OUR TEACHER WELLBEING SURVEY
LATE last year, a survey of 380 Australian teachers by Australian Scholarships Group and the Australian College of Educators discovered 48 per cent were stressed in their current role, and almost a fifth were considering leaving the profession.
Australian Bureau of Statistics data shows that more than half of people who have a teaching degree do not work in education.
And while estimates of teacher attrition vary widely from State to State, about 40 per cent of new teachers quit within their first five years; citing burn out, lack of support, and frustration.
It’s clear that teachers are suffering from high levels of workplace stress leading to poor physical and mental health.
With this in mind, The Australian Education Reporter conducted our own survey of readers which included tactics, tips and tricks teachers can use to improve their health and wellbeing.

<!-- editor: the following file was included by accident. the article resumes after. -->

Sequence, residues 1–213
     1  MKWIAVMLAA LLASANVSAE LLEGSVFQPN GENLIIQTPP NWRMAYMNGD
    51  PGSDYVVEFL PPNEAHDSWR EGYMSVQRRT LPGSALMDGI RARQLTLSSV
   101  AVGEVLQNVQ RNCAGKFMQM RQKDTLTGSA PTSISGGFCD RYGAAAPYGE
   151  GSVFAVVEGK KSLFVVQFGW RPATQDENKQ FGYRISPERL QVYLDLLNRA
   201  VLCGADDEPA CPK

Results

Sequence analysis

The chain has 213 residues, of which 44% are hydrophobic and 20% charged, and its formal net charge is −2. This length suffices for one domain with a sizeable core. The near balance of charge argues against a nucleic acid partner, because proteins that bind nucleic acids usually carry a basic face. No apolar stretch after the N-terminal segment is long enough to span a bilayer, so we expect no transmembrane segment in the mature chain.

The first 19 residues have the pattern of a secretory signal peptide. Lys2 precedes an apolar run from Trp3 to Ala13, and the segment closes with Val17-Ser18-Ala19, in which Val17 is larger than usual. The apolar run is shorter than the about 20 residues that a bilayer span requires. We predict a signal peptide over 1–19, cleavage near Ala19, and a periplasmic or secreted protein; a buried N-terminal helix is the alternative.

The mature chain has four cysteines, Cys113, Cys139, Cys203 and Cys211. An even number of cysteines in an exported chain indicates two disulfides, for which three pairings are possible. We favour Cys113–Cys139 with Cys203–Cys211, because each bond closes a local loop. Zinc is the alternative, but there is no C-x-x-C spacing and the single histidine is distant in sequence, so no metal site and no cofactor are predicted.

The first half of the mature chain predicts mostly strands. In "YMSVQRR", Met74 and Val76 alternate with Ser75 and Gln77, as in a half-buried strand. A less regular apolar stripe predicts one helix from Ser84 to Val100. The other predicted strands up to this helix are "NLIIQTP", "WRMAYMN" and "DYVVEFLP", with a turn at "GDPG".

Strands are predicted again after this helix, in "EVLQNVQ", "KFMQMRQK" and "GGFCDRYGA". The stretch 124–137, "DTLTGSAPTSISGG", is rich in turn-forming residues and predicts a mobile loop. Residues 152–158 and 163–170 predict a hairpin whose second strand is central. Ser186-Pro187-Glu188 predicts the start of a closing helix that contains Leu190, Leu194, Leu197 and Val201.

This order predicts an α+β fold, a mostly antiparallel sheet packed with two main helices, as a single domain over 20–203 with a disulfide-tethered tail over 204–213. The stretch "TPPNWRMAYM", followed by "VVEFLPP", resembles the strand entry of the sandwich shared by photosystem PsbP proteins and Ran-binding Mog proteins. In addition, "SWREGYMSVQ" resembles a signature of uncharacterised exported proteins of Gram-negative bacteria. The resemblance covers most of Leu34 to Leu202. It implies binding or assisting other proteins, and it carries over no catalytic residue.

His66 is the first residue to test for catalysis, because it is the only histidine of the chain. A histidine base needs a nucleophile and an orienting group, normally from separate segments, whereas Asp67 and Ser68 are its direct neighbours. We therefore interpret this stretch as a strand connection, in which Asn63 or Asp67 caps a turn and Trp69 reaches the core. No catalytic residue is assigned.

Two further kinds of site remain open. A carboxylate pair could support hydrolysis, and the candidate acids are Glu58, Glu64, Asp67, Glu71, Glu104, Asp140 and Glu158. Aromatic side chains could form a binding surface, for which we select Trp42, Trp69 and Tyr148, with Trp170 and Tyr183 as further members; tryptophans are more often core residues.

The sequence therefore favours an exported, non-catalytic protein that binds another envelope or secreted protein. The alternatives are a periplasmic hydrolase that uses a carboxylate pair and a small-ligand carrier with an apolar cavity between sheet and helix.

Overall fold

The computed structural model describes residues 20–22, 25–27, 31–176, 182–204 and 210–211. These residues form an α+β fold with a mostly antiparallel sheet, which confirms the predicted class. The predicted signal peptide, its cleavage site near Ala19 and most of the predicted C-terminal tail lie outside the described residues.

We received responses from more than 350 teachers, heads of department and principals from the public and private sector, and both primary and secondary schools across the country.
Almost 60 per cent of respondents rated their wellbeing at work as a very average 3 out of 5.
Almost 80 per cent cited high workload as the main issue negatively impacting their well-being at work, with long working hours, high self-expectations, poor student engagement and a lack of adequate resources, following close behind.
When asked what kind of support would most improve their wellbeing at work, reduced workload came out on top, followed by a more positive school culture, better access to resources and more co-worker collaboration.